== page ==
Despite being outplayed from a statistical standpoint, the New England Revolution scored two opportunistic goals, played tough defense, and beat Sporting Kansas City (probably the better team) 2-1. They have been playing this way for the most part in the past 4 games, all wins. Team depth and a very healthy team spirit have taken them a long way. The Revs proved this Saturday by finding a way to win despite coming in second in all ways except goal total.
The first half went well for Kansas City. They created three excellent scoring chances to none for the Revs and essentially controlled the game. In the second half, the tide turned, with the visitors playing sloppily for the first 25 minutes. The only thing that got them going was the Revs’ second goal in the 67th minute. KC scored two minutes later and continued playing well for the rest of the half, as did the Revs. The second half was played like a true knockout game. It was basically a war, with the ref handing out yellow card after yellow card. The fact that the Revs held on to win is a real tribute to them.
It may seem like an ancillary thing to complain about, but I was distressed to see that the field was cluttered with football markings and was about ten yards shorter than normal. Add these what’s-soccer-compared-to-football factors to the given that the artificial Gillette surface is hard as a rock (even in comparison to other turf fields, like Seattle’s), and the field conditions made it very difficult for both teams to play attractive soccer. The ball bounced when it would have rolled on natural grass and ping-ponged senselessly from one team to another, both causing and explaining half-time successful-passing statistics of 74% for KC and 64% for the Revs – embarrassingly low for two professional teams.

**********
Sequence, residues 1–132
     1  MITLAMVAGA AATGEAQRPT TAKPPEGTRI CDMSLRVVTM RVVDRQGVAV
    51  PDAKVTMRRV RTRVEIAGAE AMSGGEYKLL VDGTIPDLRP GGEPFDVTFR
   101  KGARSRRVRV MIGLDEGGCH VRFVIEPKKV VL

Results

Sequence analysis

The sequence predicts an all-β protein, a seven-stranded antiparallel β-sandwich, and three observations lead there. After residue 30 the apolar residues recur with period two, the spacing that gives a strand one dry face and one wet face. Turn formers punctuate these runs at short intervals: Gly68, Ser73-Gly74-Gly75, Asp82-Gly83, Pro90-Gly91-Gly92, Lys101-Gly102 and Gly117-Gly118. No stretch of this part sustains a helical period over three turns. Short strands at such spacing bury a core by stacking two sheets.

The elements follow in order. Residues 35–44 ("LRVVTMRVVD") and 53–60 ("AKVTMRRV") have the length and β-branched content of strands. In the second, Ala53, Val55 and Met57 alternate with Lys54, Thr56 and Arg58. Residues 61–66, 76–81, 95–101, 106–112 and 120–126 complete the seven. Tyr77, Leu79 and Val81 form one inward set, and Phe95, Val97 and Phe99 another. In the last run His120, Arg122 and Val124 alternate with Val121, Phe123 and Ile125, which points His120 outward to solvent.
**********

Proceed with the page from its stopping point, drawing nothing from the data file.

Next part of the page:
On the other hand, these adverse conditions served as an equalizing factor that probably helped the Revs. Bad field conditions and bad weather always favor the unfavored team, as they did when these two teams first met in the spring under near-gale conditions.
The Revs continue to shoot poorly from distance. What Rev player scares opposing keepers with his ability to shoot the ball from outside the penalty area? I would say none, not because of a lack of talent but because of a lack of technical know-how. Graham Zusi’s shot for KC in the 23rd minute – US national team player, or not – was no gem either. To me, this is an indication of a league-wide deficiency.
Guilty party for Kansas City? Seth Sinovic, for allowing Diego Fagundez a free run and cross before the Revs’ first goal and for “marking” Kelyn Rowe upfield and to the outside of the goal before the run he scored on.
Should be a great game Wednesday. I know the whole Rev organization is looking forward to it.